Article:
The historic Nolde House
– a Museum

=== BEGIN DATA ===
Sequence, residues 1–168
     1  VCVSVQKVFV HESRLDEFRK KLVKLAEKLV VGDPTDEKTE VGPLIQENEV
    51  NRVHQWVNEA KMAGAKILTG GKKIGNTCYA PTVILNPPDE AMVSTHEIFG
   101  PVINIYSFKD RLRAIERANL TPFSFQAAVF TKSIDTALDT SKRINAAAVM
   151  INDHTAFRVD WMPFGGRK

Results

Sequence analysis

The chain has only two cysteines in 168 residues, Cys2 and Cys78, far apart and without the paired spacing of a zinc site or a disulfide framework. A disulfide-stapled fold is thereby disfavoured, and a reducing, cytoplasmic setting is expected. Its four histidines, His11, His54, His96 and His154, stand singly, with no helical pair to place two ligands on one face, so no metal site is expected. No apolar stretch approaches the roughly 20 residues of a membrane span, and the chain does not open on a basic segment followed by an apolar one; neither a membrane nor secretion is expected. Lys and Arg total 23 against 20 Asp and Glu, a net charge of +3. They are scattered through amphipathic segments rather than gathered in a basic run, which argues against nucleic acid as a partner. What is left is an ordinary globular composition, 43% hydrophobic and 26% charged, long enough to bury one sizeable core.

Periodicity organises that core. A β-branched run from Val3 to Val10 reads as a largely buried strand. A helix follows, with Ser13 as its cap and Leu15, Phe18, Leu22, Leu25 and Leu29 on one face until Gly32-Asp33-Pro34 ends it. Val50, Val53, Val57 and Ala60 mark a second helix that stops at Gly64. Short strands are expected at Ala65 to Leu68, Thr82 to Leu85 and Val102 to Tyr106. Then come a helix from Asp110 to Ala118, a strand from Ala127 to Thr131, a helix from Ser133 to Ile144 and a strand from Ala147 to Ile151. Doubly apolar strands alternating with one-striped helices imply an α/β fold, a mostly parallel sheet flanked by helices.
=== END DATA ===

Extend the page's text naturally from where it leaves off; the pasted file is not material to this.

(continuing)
The present-day museum was previously Emil Nolde’s home and studio, which he designed himself in 1927. With its rectilinear forms the building is reminiscent of Bauhaus architecture of the 1920s. Nolde deliberately selected the architectural contrast with the thatched Friesen farmsteads in the area: the red-brick building with its narrow windows and flat roof sits upon a terp (raised dwelling-mound) and rises confidently above the flat landscape. The residential rooms on the ground floor still contain the original furnishings, and some of these areas may be viewed. In Nolde’s former studio, also on the ground floor, some of his religious paintings are on display today, including his major work, the nine-part cycle “Life of Christ” (1911/12). The painting gallery, added in 1937, was built directly above the studio. The former residential rooms on the second floor were reconfigured into galleries, in which Nolde’s intensely colourful watercolours and prints can now be viewed.